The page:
Mauritius: Sweet island in the Sun
Mauritius, the sugar cane island with thousands of Krishna devotees
For the past ten days I’ve been on the island of Mauritius, way down in the southern Indian Ocean. I’ve just travelled for twelve hours back to London, crossing over Madagascar, Somalia, Kenya, Egypt, then across the Mediterranean to Europe again. The southern hemisphere is gearing up for winter now, and although it wasn’t cold, the island had rain showers every day and often five times a day.
Mauritius is a small place, just 40 miles long by 30 wide, with 1.2 million inhabitants, 50% of which are of Indian descent and mostly Hindu. Their great-grandparents arrived there in the 1830s when the fertile island was developed as a centre of sugar production.Yet statistically – per head of population – there would appear to be more Vaishnavas there than in any other country outside India.
Srila Prabhupada visited the island twice and stimulated the beginnings of Krishna consciousness there as a distinct spiritual tradition within the community. Since that time many teachers of Vaishnavism have visited and the total effect is that the majority of the population have at least seen a harinam sankirtan party in their village, or purchased a book from ISKCON. And the numbers of people who have taken up the practises of bhakti-yoga or become initiated have been greater than in other places where ISKCON has centres. As a result, Mauritius is in the position of having to adopt greater levels of organisation in order to help its membership move forward as a trained and successful community.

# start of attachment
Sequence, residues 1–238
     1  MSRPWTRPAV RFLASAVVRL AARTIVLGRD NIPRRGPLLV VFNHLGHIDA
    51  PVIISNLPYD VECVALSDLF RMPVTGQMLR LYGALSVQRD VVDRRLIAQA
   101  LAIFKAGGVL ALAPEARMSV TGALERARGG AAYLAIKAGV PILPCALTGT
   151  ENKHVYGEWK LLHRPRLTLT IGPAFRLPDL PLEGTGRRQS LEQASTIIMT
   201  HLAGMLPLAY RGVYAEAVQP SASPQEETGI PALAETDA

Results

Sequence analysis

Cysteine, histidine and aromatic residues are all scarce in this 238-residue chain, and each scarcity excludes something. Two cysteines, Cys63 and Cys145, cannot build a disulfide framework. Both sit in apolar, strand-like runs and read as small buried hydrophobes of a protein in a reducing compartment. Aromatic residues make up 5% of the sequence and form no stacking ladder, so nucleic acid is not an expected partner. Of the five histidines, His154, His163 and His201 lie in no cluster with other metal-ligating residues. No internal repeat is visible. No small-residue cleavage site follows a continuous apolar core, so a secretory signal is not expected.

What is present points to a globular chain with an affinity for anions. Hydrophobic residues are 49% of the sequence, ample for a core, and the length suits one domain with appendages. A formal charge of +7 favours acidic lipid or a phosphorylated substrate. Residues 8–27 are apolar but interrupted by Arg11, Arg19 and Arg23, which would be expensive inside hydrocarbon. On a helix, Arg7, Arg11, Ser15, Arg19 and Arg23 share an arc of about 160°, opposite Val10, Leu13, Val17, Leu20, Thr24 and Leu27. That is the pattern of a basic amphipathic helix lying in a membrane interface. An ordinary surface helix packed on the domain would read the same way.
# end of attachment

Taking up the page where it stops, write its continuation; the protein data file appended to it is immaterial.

I was invited there to present seminars on congregation care and development, and to address the first national Nama Hatta Convention. Devotees printed up my 100-page book on the subject and did considerable advertising. As a result the two-day seminars were well attended with around 400 taking the courses in total. A similar number attended the Convention held in a larger auditorium.
I was based at the ISKCON temple in Phoenix and the seminar was held in the lecture theatre of the nearby university. A few days later I travelled out to Bon Accueil where the Krishna Balarama temple and farm is situated, and again presented in a lecture theatre of a nearby college.
I found all the ISKCON members I met to be extremely hospitable and friendly, and very eager to help me in any way. They take spiritual life seriously – which means they enjoy it. I can imagine only a bright future for them, provided they continue to care for each other and reach out to others.
Beautifully architectured ISKCON temple of Krishna-Balarama in Bon Accueil, Mauritius